Namibia Namibia No Male illegal since 1920 (Not enforced)[26]
Yes Female always legal[2][52][53]
No No No Emblem-question.svg No No
South Africa South Africa Yes Male legal since 1998
Female always legal
+ UN decl. sign.[2]
Yes Limited recognition of unregistered partnerships since 1998; Same-sex marriage since 2006. Yes Legal since 2006 Yes Legal since 2002 Yes Since 1998 Yes Bans all anti-gay discrimination Yes Anti-discrimination laws are interpreted to include gender identity; legal gender may be changed after surgical or medical treatment.
Swaziland Swaziland No Male illegal since the 1880s
Yes Female always legal[2][26]
No No No Emblem-question.svg No No
Zambia Zambia No Illegal since 1911
Penalty: up to 14 years imprisonment[2][26]
No No No Emblem-question.svg No No
Zimbabwe Zimbabwe No Male illegal since 1891
Yes Female legal[2][26]
No No Constitutional ban since 2013 No Emblem-question.svg No No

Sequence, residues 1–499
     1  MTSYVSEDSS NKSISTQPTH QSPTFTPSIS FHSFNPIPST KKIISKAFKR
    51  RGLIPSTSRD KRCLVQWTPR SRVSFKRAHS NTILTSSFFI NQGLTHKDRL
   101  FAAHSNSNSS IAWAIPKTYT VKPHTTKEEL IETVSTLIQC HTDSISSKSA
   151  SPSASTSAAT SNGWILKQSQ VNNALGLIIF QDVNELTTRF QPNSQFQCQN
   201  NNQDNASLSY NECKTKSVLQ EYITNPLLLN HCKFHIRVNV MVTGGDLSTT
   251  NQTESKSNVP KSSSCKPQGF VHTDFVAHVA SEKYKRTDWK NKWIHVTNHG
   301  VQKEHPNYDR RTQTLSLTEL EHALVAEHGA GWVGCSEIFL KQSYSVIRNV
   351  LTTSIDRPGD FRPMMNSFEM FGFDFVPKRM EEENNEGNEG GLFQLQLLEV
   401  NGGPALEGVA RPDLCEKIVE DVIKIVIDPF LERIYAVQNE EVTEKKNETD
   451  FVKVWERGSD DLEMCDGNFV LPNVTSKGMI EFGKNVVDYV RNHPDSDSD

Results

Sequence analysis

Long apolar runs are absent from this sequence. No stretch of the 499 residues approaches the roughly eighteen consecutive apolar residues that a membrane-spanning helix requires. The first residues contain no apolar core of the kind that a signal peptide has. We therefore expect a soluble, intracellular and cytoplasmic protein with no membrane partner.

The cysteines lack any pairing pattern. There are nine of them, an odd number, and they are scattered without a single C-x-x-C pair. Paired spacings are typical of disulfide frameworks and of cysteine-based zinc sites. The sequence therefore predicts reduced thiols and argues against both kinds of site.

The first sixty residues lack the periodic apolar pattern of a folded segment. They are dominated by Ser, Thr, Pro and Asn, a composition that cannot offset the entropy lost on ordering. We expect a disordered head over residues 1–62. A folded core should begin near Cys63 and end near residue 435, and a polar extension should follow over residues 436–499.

Partially recognized or unrecognized states[edit]

LGBT rights in: Same-sex sexual activity Recognition of same-sex unions Same-sex marriage Adoption by same-sex couples LGBT allowed to serve openly in military Anti-discrimination laws concerning sexual orientation Laws concerning gender identity/expression
Sahrawi Arab Democratic Republic Sahrawi Arab Democratic Republic
(Excluding Southern Provinces)
No Illegal
Penalty: Up to 3 years imprisonment[2]
No No No No No No
Somaliland Somaliland No Illegal since 1941 (as British Somaliland Protectorate)
Penalty: Up to death [54]
No No No No No No


Views of African leaders on homosexuality[edit]

The president of Zimbabwe, Robert Mugabe, has been uncompromising in his opposition to LGBT rights in Zimbabwe. In September 1995, Zimbabwe's parliament introduced legislation banning homosexual acts.[55] In 1997, a court found Canaan Banana, Mugabe's predecessor and the first President of Zimbabwe, guilty of 11 counts of sodomy and indecent assault.[56] He has previously referred to lesbians and gays as being "worse than dogs and pigs".[57]